If you’re kind of judgmental when it comes to plants, you might describe the chamise plant as “meh.” Technically it’s a shrub, which in the hierarchy of plant types barely outranks a weed. Chamise grows up to a dozen feet tall and sprouts needle-like leaves less than a half-inch long, making it look like overgrown rosemary. Only it doesn’t really smell, even though it’s a member of the rose family.
Appearances and scents aside, chamise turns out to be a fascinating plant, one critical not only to the California landscape but to the safety of its human residents. When fire scientists want to know how flammable the state’s vegetation might be, they don’t rely on some newfangled gadget. They rely on chamise. “It's a really pretty and kind of understated shrub,” says Bryant Baker, conservation director of the Los Padres ForestWatch, which advocates for the protection of California’s habitats. “And I think because it's so common, it's often taken for granted.”
But Californians ignore it at their peril, because it is an excellent indicator of how dry the whole landscape is getting. Chamise dominates native chaparral ecosystems up and down the state, dense shrublands that are too arid for trees. (This is a Mediterranean climate, after all, in which rain stops in the spring and doesn’t restart until autumn.) But the chamise is beautifully adapted to ride out the baking heat: Those tiny, leathery leaves have far less surface area than a broadleaf, so they don’t lose as much moisture. “These plants are adapted to go for many months without a single drop of water, which is pretty amazing,” says Baker. “You don't usually find that outside of desert areas.”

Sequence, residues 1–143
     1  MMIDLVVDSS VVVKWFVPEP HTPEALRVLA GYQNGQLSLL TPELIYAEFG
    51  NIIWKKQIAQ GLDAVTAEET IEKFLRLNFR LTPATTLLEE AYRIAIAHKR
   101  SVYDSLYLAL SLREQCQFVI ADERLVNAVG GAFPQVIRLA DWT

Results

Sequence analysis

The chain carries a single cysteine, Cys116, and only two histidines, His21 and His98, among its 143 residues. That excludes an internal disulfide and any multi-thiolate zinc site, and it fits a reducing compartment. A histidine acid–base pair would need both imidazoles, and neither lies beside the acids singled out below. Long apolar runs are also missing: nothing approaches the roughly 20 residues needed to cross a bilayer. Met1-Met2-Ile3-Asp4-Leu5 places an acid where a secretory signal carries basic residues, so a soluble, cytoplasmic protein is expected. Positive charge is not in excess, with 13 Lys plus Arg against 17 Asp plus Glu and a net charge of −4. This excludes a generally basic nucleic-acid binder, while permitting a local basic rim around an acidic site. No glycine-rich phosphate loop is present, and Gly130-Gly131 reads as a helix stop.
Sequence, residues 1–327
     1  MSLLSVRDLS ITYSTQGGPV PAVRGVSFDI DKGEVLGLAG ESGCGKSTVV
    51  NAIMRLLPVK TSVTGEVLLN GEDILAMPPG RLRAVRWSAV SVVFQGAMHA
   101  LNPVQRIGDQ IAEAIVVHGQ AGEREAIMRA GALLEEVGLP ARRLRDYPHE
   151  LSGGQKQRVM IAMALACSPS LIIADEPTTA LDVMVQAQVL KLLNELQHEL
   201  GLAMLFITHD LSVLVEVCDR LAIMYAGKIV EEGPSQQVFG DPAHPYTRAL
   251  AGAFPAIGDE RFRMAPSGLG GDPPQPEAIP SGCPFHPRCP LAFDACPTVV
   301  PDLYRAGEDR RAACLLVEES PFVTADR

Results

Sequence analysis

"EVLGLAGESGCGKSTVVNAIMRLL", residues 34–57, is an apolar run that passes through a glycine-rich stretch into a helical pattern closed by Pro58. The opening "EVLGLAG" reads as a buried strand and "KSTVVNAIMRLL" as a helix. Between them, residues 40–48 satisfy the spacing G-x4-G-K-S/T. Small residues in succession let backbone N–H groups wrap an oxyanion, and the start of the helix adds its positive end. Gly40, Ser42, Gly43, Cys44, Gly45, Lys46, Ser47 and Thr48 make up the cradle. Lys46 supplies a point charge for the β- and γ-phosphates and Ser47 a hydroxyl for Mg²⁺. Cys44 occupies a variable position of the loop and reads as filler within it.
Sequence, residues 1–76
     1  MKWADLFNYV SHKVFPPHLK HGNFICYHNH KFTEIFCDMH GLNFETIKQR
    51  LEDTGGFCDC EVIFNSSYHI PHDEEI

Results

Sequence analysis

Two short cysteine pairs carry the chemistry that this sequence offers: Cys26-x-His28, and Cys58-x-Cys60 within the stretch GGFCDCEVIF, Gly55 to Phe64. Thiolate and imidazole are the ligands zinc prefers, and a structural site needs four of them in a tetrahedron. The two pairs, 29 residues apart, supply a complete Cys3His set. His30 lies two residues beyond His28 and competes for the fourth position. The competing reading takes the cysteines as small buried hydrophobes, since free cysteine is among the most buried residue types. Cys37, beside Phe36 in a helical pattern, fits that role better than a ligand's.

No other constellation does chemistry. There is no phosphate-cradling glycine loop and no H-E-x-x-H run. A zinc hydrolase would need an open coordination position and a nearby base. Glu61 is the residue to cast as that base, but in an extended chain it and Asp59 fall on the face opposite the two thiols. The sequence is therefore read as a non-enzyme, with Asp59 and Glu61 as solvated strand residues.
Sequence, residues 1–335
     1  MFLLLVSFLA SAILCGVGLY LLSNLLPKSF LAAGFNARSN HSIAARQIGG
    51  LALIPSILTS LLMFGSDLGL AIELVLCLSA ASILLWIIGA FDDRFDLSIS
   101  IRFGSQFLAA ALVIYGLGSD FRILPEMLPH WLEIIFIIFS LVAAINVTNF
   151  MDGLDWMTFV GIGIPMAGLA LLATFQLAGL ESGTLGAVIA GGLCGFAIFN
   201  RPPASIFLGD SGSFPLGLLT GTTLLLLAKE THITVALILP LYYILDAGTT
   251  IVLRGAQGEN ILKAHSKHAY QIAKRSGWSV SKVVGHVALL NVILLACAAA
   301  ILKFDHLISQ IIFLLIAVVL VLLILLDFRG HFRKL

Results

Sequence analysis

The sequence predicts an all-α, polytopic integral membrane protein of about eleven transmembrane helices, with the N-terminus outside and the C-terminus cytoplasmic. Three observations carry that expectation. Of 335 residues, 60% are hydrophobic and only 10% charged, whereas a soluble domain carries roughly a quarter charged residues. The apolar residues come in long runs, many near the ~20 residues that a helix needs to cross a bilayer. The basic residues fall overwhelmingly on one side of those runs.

Come summer, the chamise blooms into a mass of small white flowers. These attract insect pollinators, which in turn attract birds—so from the plant a complex ecosystem unfurls. When the flowers start to dry out in the summer heat, they turn a sort of rusty orange. “This can give the appearance that chaparral dominated by chamise is brown and dying, but it's completely normal,” says Baker. “It also makes for some wonderful contrast across the landscape in the late summer and fall.”